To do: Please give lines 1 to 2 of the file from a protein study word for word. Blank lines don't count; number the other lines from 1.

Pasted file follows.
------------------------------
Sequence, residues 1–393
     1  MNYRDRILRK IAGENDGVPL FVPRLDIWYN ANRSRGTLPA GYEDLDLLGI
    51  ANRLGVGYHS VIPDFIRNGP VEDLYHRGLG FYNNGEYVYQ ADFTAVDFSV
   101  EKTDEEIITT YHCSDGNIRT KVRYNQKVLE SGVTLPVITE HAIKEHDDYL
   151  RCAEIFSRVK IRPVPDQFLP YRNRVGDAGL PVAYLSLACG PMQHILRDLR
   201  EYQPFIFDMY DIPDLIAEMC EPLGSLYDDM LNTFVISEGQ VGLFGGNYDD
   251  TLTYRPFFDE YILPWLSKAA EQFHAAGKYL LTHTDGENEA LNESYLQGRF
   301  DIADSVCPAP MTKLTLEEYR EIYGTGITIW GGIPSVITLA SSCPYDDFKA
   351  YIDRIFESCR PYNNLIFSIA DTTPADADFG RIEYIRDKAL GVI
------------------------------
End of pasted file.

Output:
Sequence, residues 1–393
     1  MNYRDRILRK IAGENDGVPL FVPRLDIWYN ANRSRGTLPA GYEDLDLLGI